Detected in Helsinki, Finland in October 2015:
- Actinium-225 & 227:
- Cobalt-60, here shown with a repeat of the Ac-225 data:
- Likely unrelated, but noteworthy nonetheless: In Northern Germany (perhaps the only region that monitors for this isotope publicly (?)): just the othe day, a (rare!) detection of Zirconium-97 , here shown together with data for Bismuth-214:
What is Ac-225, Ac-227, Co-60 and Cs-134/137 blowing together in a whiff of apparently radioactively polluted air in Finland? I don’t know.
Also looked at:
Flashback to May 2015
One of the things I find interesting is that the last time Zr-97 was detected it was in Angermünde, which at the time I assumed was the only Zr-97 monitor. So clearly, there’s more, but they don’t show up unless something is detected. This time it was at Hamburg-Fuhlsbüttel.
Now, here’s the striking correlation: Last time (See extra details in June 6, 2015’s “Pink Unicorns beach themselves on the shores of Lake Dystopia“ and June 7, 2015’s Yup… Fukushima is Still Fissioning – A Nullschool Wind Data Analysis of May 2015 EURDEP-Finland/Germany Radioactive Air Samples), Finland observed I-131, Co-60, Nb-95, Ru-103, Cs-134, Cs-137 in the sample period May 22-25, 2015 (@ Kotka in the south, and @ Rovaniemi in the north), and Zr-97 was detected just 10 days prior in Northern Germany: May 12-13, 2015.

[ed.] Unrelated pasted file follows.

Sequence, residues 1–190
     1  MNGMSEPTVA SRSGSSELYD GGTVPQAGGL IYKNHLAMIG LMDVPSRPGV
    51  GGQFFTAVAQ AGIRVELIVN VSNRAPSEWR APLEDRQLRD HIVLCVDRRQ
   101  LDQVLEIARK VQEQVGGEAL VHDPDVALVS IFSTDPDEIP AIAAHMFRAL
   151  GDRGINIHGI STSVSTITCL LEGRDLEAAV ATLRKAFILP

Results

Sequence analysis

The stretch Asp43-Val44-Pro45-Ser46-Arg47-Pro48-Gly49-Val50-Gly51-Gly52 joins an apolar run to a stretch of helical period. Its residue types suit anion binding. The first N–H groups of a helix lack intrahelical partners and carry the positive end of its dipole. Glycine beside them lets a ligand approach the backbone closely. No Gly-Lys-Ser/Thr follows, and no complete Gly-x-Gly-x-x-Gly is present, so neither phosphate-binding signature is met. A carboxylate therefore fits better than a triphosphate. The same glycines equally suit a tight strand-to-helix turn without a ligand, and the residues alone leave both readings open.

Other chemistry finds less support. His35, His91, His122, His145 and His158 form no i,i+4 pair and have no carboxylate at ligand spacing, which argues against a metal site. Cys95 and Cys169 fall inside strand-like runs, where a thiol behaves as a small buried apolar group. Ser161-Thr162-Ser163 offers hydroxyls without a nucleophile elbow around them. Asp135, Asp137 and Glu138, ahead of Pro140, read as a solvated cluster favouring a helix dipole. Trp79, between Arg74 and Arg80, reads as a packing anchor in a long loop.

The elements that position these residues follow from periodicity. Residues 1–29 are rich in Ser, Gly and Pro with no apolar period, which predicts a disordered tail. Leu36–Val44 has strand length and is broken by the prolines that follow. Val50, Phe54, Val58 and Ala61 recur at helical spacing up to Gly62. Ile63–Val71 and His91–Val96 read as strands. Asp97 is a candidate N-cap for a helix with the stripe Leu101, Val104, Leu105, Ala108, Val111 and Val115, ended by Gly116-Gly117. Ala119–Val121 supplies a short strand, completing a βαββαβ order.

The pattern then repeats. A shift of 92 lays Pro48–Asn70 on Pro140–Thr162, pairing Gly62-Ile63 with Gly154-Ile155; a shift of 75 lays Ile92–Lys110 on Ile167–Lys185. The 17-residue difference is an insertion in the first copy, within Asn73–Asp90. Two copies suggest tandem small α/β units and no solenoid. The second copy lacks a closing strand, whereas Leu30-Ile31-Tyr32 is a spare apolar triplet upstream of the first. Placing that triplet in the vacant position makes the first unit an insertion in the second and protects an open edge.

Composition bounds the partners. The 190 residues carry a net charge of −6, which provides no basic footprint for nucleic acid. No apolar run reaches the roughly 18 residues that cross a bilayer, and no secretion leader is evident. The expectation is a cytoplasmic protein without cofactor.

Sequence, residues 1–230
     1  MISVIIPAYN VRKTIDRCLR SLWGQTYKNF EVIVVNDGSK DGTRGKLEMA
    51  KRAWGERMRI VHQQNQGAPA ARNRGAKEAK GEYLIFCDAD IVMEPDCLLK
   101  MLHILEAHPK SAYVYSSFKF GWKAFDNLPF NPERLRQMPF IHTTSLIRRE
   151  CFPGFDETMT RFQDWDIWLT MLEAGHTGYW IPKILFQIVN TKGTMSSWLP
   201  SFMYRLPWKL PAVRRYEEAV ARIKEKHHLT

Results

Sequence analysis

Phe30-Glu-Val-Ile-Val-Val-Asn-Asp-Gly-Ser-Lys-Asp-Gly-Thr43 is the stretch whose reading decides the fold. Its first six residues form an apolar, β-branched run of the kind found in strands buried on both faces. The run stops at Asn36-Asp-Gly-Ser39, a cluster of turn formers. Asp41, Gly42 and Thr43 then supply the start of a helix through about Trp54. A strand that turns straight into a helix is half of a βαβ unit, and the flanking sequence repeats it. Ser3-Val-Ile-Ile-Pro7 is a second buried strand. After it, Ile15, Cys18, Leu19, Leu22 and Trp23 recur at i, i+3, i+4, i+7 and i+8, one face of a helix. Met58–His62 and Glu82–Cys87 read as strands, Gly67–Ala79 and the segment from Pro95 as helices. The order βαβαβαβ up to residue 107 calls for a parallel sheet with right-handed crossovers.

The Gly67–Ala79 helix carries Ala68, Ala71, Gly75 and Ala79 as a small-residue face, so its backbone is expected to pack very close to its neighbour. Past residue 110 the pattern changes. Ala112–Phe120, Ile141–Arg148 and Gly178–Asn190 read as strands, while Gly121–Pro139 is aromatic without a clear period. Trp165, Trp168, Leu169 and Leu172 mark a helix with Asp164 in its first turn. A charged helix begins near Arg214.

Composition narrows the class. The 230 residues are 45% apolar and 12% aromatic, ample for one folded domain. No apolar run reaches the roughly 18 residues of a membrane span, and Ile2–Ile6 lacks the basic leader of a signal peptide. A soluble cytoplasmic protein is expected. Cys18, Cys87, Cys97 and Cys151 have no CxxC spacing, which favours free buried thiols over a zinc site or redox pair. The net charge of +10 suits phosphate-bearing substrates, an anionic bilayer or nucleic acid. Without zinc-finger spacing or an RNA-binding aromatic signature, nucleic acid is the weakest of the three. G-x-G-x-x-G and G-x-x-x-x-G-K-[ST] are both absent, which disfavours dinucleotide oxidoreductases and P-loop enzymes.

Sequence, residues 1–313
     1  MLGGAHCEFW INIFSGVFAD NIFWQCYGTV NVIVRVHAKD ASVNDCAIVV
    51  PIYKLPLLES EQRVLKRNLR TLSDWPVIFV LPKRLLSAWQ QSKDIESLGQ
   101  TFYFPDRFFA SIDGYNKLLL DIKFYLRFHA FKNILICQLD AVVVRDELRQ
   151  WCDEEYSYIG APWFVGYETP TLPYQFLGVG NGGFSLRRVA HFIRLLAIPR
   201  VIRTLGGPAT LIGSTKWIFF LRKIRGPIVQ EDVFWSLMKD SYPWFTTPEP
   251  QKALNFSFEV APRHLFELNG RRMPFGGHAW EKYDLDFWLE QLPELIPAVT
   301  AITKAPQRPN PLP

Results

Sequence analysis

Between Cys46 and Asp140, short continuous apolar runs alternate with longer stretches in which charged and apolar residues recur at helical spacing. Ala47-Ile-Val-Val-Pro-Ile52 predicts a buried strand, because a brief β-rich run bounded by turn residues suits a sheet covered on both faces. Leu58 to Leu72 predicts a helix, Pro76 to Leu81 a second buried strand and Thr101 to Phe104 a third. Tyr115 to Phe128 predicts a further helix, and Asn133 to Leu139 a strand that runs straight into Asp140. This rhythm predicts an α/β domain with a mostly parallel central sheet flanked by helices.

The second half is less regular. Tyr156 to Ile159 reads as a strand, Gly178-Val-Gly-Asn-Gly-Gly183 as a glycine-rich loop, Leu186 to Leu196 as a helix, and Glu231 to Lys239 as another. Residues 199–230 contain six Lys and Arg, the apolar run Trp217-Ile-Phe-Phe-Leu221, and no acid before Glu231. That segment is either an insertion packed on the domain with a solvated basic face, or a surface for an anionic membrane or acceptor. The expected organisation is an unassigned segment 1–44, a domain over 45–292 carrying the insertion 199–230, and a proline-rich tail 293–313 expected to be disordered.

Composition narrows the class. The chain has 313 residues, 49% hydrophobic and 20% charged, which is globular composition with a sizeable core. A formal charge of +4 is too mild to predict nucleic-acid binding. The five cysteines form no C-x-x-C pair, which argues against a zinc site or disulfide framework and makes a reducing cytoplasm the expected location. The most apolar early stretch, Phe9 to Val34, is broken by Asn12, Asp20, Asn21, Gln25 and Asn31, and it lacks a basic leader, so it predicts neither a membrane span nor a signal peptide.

Given Zr-97 has a half-life of only 16.744 hours, and in 11 half-lifes it’s no longer Zr-97, which makes it an indication of very recent fission. To refresh my memory, here’s the record of the previous detection:
“This means, with no room for doubt unfortunately, that a neutron-spewing Uranium-Fission event occurred at the very most 8 days before May 12, 2015.
A little quote from http://en.wikipedia.org/wiki/Nuclear_fallout#Half-life:
“[…] A large amount of short-lived isotopes such as 97Zr are present in bomb fallout. This isotope and other short-lived isotopes are constantly generated in a power reactor, but because the criticality occurs over a long length of time, the majority of these short lived isotopes decay before they can be released. […]”
The latter to which I would like to add: UNLESS, of course, you’re dealing with a completely out-of-control open-air reactor sinking into a Pacific Ocean beach… […]”
The same applies to the October 25-26, 2015 detection of Zr-97. And the October 9-10, 2015 sample period during which Ac-225, Ac-227, Co-60 and Cs-134 & Cs-137 were detected was just about 2 weeks before that.
CONCLUSION: It is not impossible that a significant nuclear fission accident somewhere took place this month of October, spanning several weeks. Given what I’ve found in the past, however, I consider it just as likely that Fukushima is having some more flare-ups underground.
Maybe we will never find out…
Yet, strikingly again: All this data was VALIDATED. Some unusual release occured. There is no doubt about that. Where it came from, however, would take massive amounts of time to figure out (using Nullschool, etc.). But it is known at the top data access levels of the CTBTO & IAEA, who remain as silent as ever…
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